Thursday, October 30, 2014

Thursday's Parsha Tidbits - Parshas Lech Lecha

The following is a brief summary of some of the thoughts said over by R' Frand on the parsha this evening. I have attempted to reproduce these vorts to the best of my ability. Any perceived inconsistency is the result of my efforts to transcribe the shiur and should not be attributed to R' Frand.

R' Frand began the vort by quoting the Medrash Rabbah which cites R' Yitzchak who would introduce the parsha by citing a pasuk from Tehillim (45:11) "My daughter listen to me and forget your nation and the house of your father."

The question is - what does this pasuk in Tehillim have to do with Parshas Lech Lecha?

R' Frand answered based on the Sefer Nachlas Eliezer who sought to address an inherent conflict in the first pasuk of the parsha. The pasuk states that Avraham was told to leave his land, his city and his father's house. Yet the pasuk seems to be backwards since when a person leaves home, he first leaves his father's house, then his city and finally, the country.

R' Frand answered that Avraham was not being told to leave his home, he was being told to change his very existence which needs to be done by leaving everything behind.

R' Frand gave a mashal about a problem that he had with his laptop. He brought the laptop to his computer guy who said that the laptop was old and had too many things running on it. The techie said - you need to wipe the laptop clean so that it can run well again. But it would be cheaper for you to start fresh with a new laptop, vs paying me to wipe this laptop clean.

The message to Avraham was - wipe your hard drive clean. I am starting a new nation with you and to do that, you need to be fresh and clean. So first, leave your land. But a person's nationality has the least impact on him. But a person is more impacted by his local surroundings than his land. So then Avraham was told leave his city. But the greatest impact on a person is what he saw in his father's house. This is a person's DNA, because it is what he saw when he was growing up. So Hashem says last, leave your house where you grew up.

This is what R' Yitzchak was saying - forget your nationality and the house of your father. This is exactly what is happening in Parshas Lech Lecha.

R' Frand said that based on this we can address another question on the first pasuk of the parsha. Rashi comments that Avraham was to leave for his own good. But how can this be a challenge? Where is the test if Avraham is told up front that it was for his own benefit?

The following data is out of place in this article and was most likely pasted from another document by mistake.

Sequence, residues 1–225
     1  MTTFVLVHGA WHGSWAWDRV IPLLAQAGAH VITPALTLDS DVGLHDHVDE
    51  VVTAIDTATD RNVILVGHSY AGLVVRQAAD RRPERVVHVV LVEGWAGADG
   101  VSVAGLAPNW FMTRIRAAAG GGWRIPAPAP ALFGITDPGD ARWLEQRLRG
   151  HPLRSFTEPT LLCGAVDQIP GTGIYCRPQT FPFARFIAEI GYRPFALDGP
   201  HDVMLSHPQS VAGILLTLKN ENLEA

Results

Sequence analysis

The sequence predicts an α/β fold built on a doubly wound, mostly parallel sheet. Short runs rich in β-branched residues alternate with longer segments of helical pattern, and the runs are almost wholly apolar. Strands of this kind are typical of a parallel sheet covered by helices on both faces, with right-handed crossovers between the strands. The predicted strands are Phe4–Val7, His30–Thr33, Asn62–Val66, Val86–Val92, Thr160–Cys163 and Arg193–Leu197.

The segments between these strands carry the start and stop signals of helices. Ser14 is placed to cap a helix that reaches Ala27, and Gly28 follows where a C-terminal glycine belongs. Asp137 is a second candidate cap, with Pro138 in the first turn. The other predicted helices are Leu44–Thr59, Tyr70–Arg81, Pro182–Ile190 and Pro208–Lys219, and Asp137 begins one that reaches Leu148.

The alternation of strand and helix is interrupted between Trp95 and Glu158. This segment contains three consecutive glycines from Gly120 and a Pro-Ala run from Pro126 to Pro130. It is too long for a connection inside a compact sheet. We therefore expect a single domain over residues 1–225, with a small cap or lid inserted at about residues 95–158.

R' Frand answered by quoting R' Yisrael Salanter who explains that there are two elements of passing a test. The first is to have emunah in Hashem, that He will help you. But the second element is to belittle the challenge, to say to yourself - this is not a mountain, it is only a hill. 

R' Frand gave an example that a person may need to exercise, but the only time that he can do it is at 5 AM. But how does a person 'psych' himself up to do it? Just by saying I need to do it? That does not work. Instead, a person creates a carrot - if I get up at 5 I can have a special coffee for breakfast as a reward.

Hashem is telling the 75 year old Avraham - you need to change everything. But in order to psych Avraham up to do this, Hashem must give him a carrot, he must let him know that there is a reward.

R' Frand finished the vort by noting that Rashi explains that Hashem tells Avraham that He is giving Avraham the ability to give berachos to whomever you want. Hashem gives this to Avraham because he is a different person and is doing it all for Hashem.

This explains why when Avraham died, Hashem blessed Yitzchak. Rashi asks, why did Hashem have to bless Yitzchak? The source of blessings had been given to Avraham! Rashi answers that Avraham did not give that power to Yitzchak because he saw that there would be an Esav who will come from Yitzchak. 

But how can a father not give the blessing to his son? And after all, we are talking about Yitzchak who allowed himself to be brought at the Akeidah!

Still Avraham says, I can't give this to him because Esav will come from him. This was the ultimate act of selflessness. He did not pass this to his son because he worked on himself and took himself out of the equation. This came from following the message of Lech Lecha. So Hashem had to act to give the source of berachos to Yitzchak.

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